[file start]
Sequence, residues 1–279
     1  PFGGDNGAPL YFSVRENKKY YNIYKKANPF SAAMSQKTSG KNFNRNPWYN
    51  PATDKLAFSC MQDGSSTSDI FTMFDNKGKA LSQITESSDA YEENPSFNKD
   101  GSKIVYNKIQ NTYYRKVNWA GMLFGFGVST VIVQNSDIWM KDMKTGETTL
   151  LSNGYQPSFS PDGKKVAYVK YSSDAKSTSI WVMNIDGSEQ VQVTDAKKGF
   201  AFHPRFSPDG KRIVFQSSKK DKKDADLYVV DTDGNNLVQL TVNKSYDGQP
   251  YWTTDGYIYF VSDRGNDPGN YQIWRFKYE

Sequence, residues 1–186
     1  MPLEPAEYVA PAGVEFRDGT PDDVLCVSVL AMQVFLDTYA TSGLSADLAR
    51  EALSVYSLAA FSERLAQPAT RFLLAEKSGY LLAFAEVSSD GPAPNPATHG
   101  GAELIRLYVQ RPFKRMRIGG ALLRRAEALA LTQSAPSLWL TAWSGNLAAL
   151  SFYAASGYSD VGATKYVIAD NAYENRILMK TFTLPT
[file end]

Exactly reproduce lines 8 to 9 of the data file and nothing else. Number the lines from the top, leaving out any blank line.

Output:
Sequence, residues 1–186
     1  MPLEPAEYVA PAGVEFRDGT PDDVLCVSVL AMQVFLDTYA TSGLSADLAR